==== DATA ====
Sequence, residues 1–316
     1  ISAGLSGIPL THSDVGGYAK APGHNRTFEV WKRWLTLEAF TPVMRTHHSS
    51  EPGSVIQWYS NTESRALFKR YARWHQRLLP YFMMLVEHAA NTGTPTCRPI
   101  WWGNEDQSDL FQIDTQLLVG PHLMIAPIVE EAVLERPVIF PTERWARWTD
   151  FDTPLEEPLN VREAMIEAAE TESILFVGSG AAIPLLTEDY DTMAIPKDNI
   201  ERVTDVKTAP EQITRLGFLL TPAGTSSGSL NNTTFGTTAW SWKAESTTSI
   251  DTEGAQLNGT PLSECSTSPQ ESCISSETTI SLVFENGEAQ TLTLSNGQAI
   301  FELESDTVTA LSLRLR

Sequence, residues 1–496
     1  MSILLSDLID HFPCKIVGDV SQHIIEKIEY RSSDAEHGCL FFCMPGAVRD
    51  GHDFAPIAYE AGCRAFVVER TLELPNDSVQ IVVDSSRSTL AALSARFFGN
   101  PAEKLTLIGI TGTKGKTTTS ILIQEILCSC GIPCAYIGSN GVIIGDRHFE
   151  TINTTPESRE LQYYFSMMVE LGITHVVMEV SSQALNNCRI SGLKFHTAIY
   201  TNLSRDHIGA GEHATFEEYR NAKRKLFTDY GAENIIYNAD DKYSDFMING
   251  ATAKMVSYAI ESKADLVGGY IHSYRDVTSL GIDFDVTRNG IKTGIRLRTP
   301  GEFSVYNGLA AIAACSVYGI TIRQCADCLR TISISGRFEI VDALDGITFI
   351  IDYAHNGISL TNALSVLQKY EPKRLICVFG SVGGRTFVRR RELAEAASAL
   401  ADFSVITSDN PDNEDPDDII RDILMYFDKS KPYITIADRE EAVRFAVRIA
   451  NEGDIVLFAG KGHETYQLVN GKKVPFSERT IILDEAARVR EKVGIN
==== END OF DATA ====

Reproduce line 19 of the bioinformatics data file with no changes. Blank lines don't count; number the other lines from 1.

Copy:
   451  NEGDIVLFAG KGHETYQLVN GKKVPFSERT IILDEAARVR EKVGIN